Deviating from the Norm to Ensure Food Security

Deviating from the Norm to Ensure Food Security

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Massresha Tadesse, CARE Ethiopia

In a culture where the husband is usually expected to be the breadwinner for a household, Zerfu Mehari is a woman who has taken the lead and is working closely with her husband, Asmerom Niguse, to radically boost their household’s income and improve its livelihood status. 

Zerfu, who is 38 years old, lives in the Enda Mohoni woreda (district), Tigray region of Ethiopia. Two years ago, her household largely relied on Asmerom’s meager monthly income, along with food support from the government's Productive Safety Net Program (PSNP) to feed their family of six. “My husband only earned a monthly income of 100 birr (about $5), 30 kilos of flour and two kilos of red pepper from working at a mill. We also received about five quintals (500 pounds) of grain per year through sharecropping our 0.75 hectares of land,” Zerfu said. Providing food, school materials and clothing to the children was very challenging for them. 

Zerfu joined CARE Ethiopia’s Gradation With Resilience to Achieve Sustainable Development (GRAD) project to improve her family’s livelihood. She could not have imagined how dramatic that improvement would be. 

At the beginning, the project supported Zerfu and 27 other households to establish a Village Economic and Social Association (VESA). The VESA has served as an effective platform for training on saving and credit, entrepreneurship, nutrition, gender equality, climate change adaptation and other topics. “After we received the training,” Zerfu said, “my household got involved in sheep rearing and fattening, as well as grain trade with an 8,000 birr ($400) loan from the Dedebit Credit and Savings Institution (DECSI). We bought 11 sheep for 6,400 birr ($320) both for rearing and fattening, and used 1,600 birr ($80) to initiate the grain trade. Within six months, we sold five fattened sheep for 7,080 birr ($354).”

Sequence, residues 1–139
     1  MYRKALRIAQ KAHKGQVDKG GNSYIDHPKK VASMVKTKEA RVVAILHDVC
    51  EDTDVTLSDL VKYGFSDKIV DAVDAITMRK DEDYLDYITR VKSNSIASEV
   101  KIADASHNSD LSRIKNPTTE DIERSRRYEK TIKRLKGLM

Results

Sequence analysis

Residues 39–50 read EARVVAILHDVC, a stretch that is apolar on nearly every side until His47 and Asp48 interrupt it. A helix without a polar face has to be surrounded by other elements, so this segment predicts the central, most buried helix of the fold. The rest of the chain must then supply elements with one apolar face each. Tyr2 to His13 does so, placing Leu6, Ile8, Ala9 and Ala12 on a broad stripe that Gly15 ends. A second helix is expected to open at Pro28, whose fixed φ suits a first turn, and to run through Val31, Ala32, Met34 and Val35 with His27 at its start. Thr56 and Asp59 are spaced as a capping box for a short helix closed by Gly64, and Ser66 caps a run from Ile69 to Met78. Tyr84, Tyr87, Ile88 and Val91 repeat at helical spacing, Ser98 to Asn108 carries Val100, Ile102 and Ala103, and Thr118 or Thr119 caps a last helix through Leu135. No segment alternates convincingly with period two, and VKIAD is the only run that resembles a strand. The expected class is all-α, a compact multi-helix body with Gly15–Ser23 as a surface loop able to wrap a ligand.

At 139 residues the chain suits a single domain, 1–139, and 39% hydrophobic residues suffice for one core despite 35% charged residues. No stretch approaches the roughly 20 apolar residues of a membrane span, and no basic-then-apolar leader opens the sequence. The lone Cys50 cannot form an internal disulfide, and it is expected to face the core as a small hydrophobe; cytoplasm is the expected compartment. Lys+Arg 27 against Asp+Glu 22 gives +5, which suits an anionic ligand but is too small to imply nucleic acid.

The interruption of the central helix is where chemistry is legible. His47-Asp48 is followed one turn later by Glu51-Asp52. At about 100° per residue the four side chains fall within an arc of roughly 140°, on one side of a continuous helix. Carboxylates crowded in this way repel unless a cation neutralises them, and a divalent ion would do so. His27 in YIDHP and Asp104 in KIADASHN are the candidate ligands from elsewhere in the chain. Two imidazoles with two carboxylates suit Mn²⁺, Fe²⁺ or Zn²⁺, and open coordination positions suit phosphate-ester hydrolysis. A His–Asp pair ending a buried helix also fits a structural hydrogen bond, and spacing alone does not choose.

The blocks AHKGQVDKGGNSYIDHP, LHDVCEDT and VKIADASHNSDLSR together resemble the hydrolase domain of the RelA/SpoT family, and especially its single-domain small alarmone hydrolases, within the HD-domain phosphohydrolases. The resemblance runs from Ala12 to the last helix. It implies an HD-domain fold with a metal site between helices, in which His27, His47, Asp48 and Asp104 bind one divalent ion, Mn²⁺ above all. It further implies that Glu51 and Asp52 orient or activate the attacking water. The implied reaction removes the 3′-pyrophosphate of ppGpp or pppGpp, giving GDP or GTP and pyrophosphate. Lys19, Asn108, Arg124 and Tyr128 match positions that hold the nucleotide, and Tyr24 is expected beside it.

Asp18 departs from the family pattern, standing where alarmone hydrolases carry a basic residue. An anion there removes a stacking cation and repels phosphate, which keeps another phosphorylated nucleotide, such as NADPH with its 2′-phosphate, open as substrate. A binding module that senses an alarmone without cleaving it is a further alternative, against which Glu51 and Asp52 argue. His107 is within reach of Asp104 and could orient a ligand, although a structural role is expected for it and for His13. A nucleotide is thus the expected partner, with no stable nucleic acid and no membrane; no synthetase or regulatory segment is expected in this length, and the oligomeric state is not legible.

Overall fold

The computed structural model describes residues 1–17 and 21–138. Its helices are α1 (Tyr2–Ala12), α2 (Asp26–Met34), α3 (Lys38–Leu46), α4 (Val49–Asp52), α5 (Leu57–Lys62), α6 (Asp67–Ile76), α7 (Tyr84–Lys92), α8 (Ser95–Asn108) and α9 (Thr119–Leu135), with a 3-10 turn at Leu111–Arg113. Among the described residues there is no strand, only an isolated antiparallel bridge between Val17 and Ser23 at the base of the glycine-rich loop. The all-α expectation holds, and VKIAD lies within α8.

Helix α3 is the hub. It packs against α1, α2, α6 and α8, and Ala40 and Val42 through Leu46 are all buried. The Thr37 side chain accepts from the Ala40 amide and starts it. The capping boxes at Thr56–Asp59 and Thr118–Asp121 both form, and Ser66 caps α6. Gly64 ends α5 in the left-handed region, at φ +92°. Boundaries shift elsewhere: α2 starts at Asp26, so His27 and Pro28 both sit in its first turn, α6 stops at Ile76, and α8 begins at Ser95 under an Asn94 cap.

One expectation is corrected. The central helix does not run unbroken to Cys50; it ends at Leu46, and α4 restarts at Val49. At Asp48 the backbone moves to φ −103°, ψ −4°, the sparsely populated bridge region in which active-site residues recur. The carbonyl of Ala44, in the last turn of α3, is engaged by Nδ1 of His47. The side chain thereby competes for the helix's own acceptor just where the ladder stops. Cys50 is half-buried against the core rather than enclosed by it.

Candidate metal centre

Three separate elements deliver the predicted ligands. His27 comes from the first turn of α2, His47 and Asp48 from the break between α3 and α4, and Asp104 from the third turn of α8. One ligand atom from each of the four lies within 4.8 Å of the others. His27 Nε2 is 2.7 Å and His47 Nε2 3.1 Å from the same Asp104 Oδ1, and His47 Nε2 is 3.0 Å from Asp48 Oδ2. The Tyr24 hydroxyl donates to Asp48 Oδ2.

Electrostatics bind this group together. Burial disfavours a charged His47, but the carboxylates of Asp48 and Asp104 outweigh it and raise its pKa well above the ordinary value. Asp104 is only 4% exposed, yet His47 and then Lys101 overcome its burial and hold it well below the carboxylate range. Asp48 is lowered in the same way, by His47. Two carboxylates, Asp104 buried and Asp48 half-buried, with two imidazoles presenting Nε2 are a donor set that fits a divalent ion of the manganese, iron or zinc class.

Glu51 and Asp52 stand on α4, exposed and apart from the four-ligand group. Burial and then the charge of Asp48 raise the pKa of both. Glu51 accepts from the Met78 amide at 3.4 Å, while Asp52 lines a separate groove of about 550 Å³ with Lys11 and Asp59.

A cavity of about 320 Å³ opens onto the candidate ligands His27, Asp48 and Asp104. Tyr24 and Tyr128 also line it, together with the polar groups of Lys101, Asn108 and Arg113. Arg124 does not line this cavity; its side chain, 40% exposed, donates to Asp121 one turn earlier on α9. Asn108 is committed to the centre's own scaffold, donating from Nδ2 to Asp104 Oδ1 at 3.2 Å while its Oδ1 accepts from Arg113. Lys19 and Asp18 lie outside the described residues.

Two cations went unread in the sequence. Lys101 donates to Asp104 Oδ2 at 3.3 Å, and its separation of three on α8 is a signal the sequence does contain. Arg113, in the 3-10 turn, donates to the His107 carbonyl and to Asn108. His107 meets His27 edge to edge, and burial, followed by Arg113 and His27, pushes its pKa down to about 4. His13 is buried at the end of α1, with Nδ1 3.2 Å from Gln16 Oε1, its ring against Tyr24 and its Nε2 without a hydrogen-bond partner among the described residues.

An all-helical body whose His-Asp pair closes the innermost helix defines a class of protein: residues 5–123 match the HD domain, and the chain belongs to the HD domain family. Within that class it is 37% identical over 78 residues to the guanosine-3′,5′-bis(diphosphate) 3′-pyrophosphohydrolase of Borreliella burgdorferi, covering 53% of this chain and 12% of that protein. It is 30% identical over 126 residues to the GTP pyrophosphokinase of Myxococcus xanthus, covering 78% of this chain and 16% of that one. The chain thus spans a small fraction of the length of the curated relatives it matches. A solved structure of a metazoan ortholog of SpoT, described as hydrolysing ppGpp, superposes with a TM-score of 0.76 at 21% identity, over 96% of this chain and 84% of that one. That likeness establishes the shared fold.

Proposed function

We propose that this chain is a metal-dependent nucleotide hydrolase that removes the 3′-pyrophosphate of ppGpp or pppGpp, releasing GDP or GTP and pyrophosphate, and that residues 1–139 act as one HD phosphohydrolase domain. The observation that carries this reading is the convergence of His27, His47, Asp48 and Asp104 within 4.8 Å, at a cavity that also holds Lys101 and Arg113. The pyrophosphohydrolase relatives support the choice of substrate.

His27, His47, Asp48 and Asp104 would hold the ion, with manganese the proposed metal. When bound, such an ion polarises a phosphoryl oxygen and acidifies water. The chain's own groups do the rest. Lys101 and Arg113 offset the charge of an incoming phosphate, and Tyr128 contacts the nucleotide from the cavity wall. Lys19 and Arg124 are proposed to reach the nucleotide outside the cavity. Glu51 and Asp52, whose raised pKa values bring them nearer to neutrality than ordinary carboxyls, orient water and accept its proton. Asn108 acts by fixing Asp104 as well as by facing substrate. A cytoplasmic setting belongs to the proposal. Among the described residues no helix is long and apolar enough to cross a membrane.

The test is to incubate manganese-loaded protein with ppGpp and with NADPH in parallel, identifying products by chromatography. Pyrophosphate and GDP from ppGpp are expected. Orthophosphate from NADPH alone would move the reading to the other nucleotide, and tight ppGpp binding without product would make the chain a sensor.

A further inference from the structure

Using the first-round profit, Zerfu immediately repaid 65 percent of the loan to DECSI and invested the remaining in grain trade that helped her earn more than 2,000 birr ($100) profit weekly with her active engagement at four market days per week in the neighboring woredas. The hard-working household got additional income from sheep fattening. “Before the Easter holiday, we sold three fattened sheep for 4,600 birr ($230), which helped us repay the loan before the due date and expand the grain trade. Currently, we own 12 sheep, which are a significant part of the net profit we have made from sheep rearing and fattening.”

With her increasing income and hard work, Zerfu’s household has gained more respect and trust from relatives and neighbors. “Previously, it was very challenging for us to get support from others,” she said. “After our success, one of our neighbors offered us his backyard for poultry production. We accepted his offer and bought 24 hens for 900 ($45). Now we earn up to 600 birr ($30) monthly revenue from the sale of eggs after consuming some at home.”

The household has also started to harvest more from the farm, thanks to the VESA training on use of improved seed and fertilizers. For the past two harvest seasons, Zerfu’s household produced a total of 38 quintals (3,800 pounds) of sorghum through hiring labor and oxen instead of using the land for sharecropping. Furthermore, the income enabled her husband to pay 5,000 
birr ($250) to secure a driver’s license. As a result, Asmerom has been hired as a driver and earns a monthly salary of 2,700 birr ($135). Thanks to the project and her commitment, the situation of Zerfu’s household has changed radically, from being a PSNP-dependent household to being a resilient household with tremendous success. Their total annual household income now exceeds 100,000 birr (or $5,000) as the result of sheep fattening, grain trade and the other income sources. 

And the long-term possibilities look endless for this industrious family. 

“Currently, we have more than 10,000 birr ($500) savings,” Zerfu said. “We constructed a house at the cost of 63,000 birr ($3,150). We have 14 quintals (1,400 pounds) of barley, teff* and sorghum in stock. We spent 27,000 birr ($1,350) to buy a TV, beds and mobile phones. Our children get nutritious meals and nice school bags. We also planted papaya trees and vegetables in the backyard. Our long-term plan is to buy a minibus.”

*Teff is a fine grain – about the size of a poppy seed – that comes in a variety of colors, from white to red to dark brown. It is a staple food for Ethiopians.

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Zerfu Mehari, 38, tends to a lamb in her family’s compound. The family’s livelihood has improved dramatically, thanks to Zerfu’s participation in CARE Ethiopia’s GRAD food security project.